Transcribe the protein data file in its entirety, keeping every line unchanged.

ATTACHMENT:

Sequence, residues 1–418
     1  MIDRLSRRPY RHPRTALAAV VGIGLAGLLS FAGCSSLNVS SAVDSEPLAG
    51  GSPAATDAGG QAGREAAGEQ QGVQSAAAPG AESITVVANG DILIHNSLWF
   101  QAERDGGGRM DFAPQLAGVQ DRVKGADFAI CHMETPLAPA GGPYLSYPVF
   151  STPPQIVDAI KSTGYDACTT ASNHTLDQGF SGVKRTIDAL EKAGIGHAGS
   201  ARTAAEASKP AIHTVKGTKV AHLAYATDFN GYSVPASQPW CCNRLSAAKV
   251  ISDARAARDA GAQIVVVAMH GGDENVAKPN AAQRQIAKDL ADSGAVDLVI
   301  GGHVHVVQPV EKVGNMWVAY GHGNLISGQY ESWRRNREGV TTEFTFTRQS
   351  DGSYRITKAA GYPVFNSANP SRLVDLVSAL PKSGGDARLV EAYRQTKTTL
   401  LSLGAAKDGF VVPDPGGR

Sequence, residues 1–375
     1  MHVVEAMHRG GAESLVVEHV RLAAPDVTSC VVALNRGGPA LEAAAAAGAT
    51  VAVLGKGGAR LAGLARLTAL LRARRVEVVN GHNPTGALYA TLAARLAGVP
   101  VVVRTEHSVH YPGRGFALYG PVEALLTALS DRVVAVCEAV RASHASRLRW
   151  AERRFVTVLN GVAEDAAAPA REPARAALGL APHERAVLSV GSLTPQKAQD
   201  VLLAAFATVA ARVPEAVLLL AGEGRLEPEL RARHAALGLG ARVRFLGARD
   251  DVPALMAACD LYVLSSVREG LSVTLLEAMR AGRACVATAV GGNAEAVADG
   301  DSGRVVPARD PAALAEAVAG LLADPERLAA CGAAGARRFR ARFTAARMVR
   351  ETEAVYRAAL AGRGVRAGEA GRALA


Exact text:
Sequence, residues 1–418
     1  MIDRLSRRPY RHPRTALAAV VGIGLAGLLS FAGCSSLNVS SAVDSEPLAG
    51  GSPAATDAGG QAGREAAGEQ QGVQSAAAPG AESITVVANG DILIHNSLWF
   101  QAERDGGGRM DFAPQLAGVQ DRVKGADFAI CHMETPLAPA GGPYLSYPVF
   151  STPPQIVDAI KSTGYDACTT ASNHTLDQGF SGVKRTIDAL EKAGIGHAGS
   201  ARTAAEASKP AIHTVKGTKV AHLAYATDFN GYSVPASQPW CCNRLSAAKV
   251  ISDARAARDA GAQIVVVAMH GGDENVAKPN AAQRQIAKDL ADSGAVDLVI
   301  GGHVHVVQPV EKVGNMWVAY GHGNLISGQY ESWRRNREGV TTEFTFTRQS
   351  DGSYRITKAA GYPVFNSANP SRLVDLVSAL PKSGGDARLV EAYRQTKTTL
   401  LSLGAAKDGF VVPDPGGR

Sequence, residues 1–375
     1  MHVVEAMHRG GAESLVVEHV RLAAPDVTSC VVALNRGGPA LEAAAAAGAT
    51  VAVLGKGGAR LAGLARLTAL LRARRVEVVN GHNPTGALYA TLAARLAGVP
   101  VVVRTEHSVH YPGRGFALYG PVEALLTALS DRVVAVCEAV RASHASRLRW
   151  AERRFVTVLN GVAEDAAAPA REPARAALGL APHERAVLSV GSLTPQKAQD
   201  VLLAAFATVA ARVPEAVLLL AGEGRLEPEL RARHAALGLG ARVRFLGARD
   251  DVPALMAACD LYVLSSVREG LSVTLLEAMR AGRACVATAV GGNAEAVADG
   301  DSGRVVPARD PAALAEAVAG LLADPERLAA CGAAGARRFR ARFTAARMVR
   351  ETEAVYRAAL AGRGVRAGEA GRALA